LEGO has recorded increases in both sales and profits for the first half of 2020, facing down the challenges put in place by the Coronavirus and the subsequent lockdown measurements across the globe. The Danish toy maker saw revenues for the first half of the year rise by seven per cent to DKr 15.7bn.
LEGO has also seen operating profit rise by 11 per cent compared to the same period last year, hitting DKr 3.9bn. This momentum, according to LEGO’s CEO Niels Christiansen has also continued into the first two months of the second half of the year, suggesting that the pandemic has made minimal impact on the toy brick company.
Consumer sales grew by double-digit percentages in Asia, Western Europe, and the US, fueled, LEGO states, by investments in its online store, as well as new products such as Monkie Kid, its first Chinese-inspired building sets.
“We’ve done it despite Covid-19. Over the last 18 to 24 months, we’ve invested behind our product portfolio, e-commerce, and our brand,” Christiansen told the Financial Times. “Fundamentally, this is paying off. It’s less connected to where stores are closed or there are lockdowns.”
The toy company’s reactions and heavy investments in its own e-commerce has been cited as a major strength of the business throughout the pandemic. A move that enabled the firm to overcome the difficulties imposed during the lockdown period and the closure of a number of its stores, as well as the pause on operations within its Mexico factory, one of the three main global plants used mainly for LEGO sets in the US.
Despite the reliance on the e-commerce platform, the LEGO boss has insisted that it will open 80 new physical stores in China alone this year.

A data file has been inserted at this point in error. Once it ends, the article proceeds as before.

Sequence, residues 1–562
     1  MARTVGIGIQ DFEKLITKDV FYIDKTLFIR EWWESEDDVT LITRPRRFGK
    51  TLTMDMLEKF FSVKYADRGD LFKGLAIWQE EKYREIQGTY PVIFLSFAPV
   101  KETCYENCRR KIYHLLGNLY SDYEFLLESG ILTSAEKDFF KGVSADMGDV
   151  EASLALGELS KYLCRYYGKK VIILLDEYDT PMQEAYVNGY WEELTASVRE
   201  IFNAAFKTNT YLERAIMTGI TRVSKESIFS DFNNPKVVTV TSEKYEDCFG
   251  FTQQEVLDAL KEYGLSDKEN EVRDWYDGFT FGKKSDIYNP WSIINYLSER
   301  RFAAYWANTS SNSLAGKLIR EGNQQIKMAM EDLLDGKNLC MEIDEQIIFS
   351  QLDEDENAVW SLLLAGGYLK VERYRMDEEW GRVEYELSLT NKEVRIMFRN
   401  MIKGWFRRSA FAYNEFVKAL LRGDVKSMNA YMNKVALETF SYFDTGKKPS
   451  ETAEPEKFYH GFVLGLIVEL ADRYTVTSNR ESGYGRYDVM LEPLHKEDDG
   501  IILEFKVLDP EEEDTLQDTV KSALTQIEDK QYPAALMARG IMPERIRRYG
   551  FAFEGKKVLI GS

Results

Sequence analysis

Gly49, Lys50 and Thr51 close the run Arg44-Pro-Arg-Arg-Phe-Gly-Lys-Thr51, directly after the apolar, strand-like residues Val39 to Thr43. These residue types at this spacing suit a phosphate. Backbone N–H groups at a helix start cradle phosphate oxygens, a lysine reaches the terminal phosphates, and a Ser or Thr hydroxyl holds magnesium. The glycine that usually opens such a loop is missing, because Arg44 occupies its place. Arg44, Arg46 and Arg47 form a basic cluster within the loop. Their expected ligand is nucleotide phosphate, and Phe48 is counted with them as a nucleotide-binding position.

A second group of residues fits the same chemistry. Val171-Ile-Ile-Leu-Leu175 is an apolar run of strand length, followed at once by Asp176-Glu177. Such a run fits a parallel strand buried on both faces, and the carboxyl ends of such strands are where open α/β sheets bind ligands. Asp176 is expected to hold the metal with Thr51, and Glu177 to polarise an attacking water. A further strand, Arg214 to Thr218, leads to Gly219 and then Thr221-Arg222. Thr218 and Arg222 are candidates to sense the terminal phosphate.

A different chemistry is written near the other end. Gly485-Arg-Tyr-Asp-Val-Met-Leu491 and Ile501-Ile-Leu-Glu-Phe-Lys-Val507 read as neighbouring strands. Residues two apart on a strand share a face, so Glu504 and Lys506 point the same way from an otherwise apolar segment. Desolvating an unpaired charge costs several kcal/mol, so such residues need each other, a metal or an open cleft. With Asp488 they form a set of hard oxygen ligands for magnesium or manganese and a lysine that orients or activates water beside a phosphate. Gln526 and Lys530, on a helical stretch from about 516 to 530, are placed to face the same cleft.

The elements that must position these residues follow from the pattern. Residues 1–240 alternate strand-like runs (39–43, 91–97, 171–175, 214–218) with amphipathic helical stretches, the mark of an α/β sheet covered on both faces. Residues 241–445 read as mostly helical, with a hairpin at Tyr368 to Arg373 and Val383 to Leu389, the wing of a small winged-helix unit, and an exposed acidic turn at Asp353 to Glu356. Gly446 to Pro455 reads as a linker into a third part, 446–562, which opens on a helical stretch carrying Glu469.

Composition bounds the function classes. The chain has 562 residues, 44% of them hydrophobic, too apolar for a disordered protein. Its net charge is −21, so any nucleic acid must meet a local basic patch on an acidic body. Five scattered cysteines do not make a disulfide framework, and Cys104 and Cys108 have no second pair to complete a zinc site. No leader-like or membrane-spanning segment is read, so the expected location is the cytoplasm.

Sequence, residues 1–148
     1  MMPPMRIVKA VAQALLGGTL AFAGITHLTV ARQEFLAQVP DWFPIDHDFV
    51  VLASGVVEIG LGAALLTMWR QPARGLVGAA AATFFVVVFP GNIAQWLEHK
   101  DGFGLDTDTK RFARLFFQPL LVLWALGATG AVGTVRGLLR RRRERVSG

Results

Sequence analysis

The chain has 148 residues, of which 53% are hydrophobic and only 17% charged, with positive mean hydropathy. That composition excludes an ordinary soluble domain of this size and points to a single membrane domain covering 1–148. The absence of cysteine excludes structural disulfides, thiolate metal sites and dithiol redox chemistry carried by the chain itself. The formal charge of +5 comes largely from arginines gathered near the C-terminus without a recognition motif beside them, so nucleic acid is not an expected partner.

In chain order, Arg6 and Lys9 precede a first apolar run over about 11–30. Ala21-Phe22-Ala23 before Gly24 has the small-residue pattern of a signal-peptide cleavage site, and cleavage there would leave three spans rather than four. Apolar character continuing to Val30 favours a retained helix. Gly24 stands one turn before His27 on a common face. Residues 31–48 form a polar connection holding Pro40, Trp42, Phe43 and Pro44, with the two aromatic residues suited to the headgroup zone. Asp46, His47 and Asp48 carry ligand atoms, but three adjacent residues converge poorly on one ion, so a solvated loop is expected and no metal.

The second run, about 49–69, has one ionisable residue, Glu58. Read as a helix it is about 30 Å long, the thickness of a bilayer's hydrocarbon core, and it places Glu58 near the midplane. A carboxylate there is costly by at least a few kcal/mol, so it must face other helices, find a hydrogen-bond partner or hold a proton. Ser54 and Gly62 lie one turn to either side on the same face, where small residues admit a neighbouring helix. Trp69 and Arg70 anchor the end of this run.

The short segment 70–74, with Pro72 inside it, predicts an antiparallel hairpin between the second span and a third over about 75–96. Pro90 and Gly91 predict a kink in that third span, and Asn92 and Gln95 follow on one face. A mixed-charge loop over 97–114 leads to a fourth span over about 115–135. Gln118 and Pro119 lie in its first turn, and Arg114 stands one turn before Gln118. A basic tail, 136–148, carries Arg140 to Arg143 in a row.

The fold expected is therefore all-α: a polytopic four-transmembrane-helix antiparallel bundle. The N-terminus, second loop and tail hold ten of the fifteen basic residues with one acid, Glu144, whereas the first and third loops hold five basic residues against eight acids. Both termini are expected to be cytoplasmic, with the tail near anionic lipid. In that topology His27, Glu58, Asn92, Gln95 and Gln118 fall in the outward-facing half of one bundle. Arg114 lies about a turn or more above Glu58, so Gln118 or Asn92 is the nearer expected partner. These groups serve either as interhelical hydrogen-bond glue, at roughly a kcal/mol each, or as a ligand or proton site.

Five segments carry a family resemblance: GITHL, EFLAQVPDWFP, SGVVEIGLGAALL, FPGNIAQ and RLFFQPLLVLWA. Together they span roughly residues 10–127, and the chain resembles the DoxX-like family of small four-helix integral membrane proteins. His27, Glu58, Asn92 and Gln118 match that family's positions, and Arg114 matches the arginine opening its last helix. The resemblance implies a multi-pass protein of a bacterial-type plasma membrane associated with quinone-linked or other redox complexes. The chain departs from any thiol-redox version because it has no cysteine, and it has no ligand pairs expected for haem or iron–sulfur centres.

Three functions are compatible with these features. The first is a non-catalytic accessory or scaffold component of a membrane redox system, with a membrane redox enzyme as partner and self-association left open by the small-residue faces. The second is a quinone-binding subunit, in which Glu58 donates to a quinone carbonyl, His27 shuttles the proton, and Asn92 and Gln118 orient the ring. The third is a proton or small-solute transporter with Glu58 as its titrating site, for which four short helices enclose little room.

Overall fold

“We don’t believe this is a fundamental setback to stores. They are important for our brand experience,” said Christiansen.
“The strong results are due to our incredible team. When COVID-19 closed stores and offices, our colleagues did everything they could to stay safe and bring play to children and families around the world. I would like to thank them for their extraordinary contribution and their continued fantastic efforts.
“During the first half, we saw the benefits of our investments in long-term growth initiatives such as e-commerce and product innovation. Our strong portfolio appealed to builders of all ages and our recently upgraded e-commerce platform and agile global supply chain allowed us to fulfil online demand. We also collaborated closely with our retail partners to ensure they could continue to supply their shoppers online.”
Across the portfolio, the top-performing themes were LEGO Technic, LEGO Star Wars, LEGO Classic, LEGO I Disney Princess, LEGO Harry Potter, and LEGO Speed Champions.
The LEGO Group also launched ‘Let’s Build Together’ a digital initiative designed to bring learning through play to children whose education was disrupted due to the pandemic. Around 90 per cent of school aged children were outside of their usual learning environments during the first half of the year.
Christiansen added: “We are very pleased to see the enduring appeal of the LEGO System in Play and strength of the LEGO brand. During the first half we attracted new builders of all ages who turned to LEGO play to help them through difficult times. More families are playing and learning together with LEGO bricks and we are seeing more adults than ever before enjoying building our more challenging sets.”